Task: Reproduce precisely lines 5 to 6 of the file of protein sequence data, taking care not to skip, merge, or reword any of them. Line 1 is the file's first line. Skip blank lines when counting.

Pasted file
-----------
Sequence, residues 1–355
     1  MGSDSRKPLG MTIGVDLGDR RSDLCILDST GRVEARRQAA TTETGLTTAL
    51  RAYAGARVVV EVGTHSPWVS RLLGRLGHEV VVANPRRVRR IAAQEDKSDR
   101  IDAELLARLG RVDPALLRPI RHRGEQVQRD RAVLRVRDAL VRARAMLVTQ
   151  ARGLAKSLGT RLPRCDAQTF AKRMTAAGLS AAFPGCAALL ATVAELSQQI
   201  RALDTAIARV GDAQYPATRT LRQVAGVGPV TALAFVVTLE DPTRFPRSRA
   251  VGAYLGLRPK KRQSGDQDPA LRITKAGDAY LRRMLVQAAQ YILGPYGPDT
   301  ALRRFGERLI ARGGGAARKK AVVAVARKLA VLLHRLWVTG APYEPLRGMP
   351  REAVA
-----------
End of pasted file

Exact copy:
   151  ARGLAKSLGT RLPRCDAQTF AKRMTAAGLS AAFPGCAALL ATVAELSQQI
   201  RALDTAIARV GDAQYPATRT LRQVAGVGPV TALAFVVTLE DPTRFPRSRA